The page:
Ontario housing market is so hot most buyers are skipping inspections, home inspectors say
Ontario home inspectors say the hot-seller market is preventing most buyers from doing inspections, which in turn is forcing a large number of inspectors out of the industry due to the decline Business. They say the situation also puts home buyers at risk.
Magdalena Bisson and her husband found themselves in this situation after selling their home in Kitchener, Ont., last spring and attempting to buy in Brantford.
After losing several bids, they were finally successful. But like most homes for sale, the offer was to be unconditional, meaning the sale was not subject to conditions such as an appraisal, financing or home inspection.
Some sellers provide a pre-inspection report to potential buyers, but not in Bisson’s case.
“We knew buying a house should have no strings attached, otherwise you lose the house and you could search for months and months and months,” she said.
After moving in – and two floods – the couple found the house needed major work, including excavations around the house, repairing drywall in the basement and adding insulation, which Bisson said , could cost upwards of $50,000.
Ontario home inspectors say the seller’s market and routine unconditional offers lead to fewer inspections, leaving buyers uninformed or settling for “through” inspections that may be less thorough and not conform to the standards of the association. Inspectors say enacting provincial legislation that has remained in limbo would help protect consumers and regulate the industry.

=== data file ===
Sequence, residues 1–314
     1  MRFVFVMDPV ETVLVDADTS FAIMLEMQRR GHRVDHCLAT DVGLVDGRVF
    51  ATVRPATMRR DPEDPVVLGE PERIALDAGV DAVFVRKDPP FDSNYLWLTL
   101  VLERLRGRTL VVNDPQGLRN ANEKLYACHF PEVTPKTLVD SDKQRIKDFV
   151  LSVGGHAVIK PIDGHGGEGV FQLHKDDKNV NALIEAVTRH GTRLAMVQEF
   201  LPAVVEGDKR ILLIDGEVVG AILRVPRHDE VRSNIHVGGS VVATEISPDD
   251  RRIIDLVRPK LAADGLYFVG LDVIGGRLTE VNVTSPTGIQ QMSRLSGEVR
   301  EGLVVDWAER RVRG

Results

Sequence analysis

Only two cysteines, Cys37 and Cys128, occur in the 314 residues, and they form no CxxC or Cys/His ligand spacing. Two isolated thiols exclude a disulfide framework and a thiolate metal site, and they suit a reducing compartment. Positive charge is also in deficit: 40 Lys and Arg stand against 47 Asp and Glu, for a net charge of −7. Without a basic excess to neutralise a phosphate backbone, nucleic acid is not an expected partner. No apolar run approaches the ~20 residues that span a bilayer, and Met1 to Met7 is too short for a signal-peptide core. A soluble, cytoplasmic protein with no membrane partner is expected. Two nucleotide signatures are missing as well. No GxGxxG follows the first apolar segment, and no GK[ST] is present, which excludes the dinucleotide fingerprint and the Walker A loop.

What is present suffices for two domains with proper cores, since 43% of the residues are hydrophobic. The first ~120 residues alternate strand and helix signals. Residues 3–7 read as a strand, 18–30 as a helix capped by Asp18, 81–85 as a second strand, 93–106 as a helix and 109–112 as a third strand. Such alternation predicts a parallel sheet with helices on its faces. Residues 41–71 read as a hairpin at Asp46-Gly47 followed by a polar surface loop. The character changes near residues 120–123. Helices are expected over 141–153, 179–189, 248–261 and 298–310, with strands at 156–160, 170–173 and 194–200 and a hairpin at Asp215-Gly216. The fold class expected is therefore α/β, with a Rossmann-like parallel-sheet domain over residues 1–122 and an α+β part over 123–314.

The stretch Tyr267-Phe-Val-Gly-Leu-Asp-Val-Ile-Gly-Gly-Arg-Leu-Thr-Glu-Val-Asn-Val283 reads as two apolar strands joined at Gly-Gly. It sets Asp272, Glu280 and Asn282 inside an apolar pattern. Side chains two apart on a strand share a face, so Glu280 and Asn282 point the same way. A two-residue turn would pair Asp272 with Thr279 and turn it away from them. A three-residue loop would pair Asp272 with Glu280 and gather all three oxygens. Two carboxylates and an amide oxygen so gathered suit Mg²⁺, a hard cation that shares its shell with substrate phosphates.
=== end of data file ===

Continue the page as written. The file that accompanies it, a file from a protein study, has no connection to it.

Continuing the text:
“Massive learning experience”
Ontario’s housing market sees home prices hit record highs; in December 2021, the average sale price was $922,735, up 23% from the previous year, according to the Canadian Real Estate Association.
GTA building inspector Panos Loucaides says he’s seeing more and more people getting inspected after they’ve already made the biggest purchase of their lives.
“We sometimes find ourselves with people crying because of some serious flaws and the money they have to spend,” he said.
WATCH | According to one home inspector, some buyers get inspected when it’s too late:
The problem is not just in the Greater Toronto Area. Windsor-Essex County building inspector Bradley Labute says about half of the inspections he currently does take place after a home has been sold, which hardly ever happened before the housing market will not heat up in 2018.
Labute says about a quarter of the homes he inspects after a sale end up having “major problems”.
“The market has gone from protecting us the buyer before we get into the house to now after they call us and say, ‘I want to know what I bought,'” he said.
Six months after Bisson and her husband moved in, their house was flooded. They hired a contractor to make repairs, but the water flooded again.
“There was water coming from everywhere,” she said. “We ran one of the hoses up and we had feces all over the washing machine.”
They hired a building inspector who discovered several issues including new work that was not up to code, a lack of proper drainage, landscaping and grading that could cause flooding and signs of building damage. water.
“It was such a massive learning experience as to what the market does,” Bisson said.
Inspectors are leaving the industry, says the association
Len Inkster, home inspector and executive secretary of the Ontario Association of Certified Home Inspectors (OntarioACHI), says that, based on information provided by its members, he estimates that only about 15% of sales in Ontario now include a building inspection.
“It’s crazy,” Inkster said. “They are risking everything.”
Inkster says it’s more common in certain price ranges and regions, like Toronto, for sellers to offer pre-inspection reports to buyers, but not everyone does.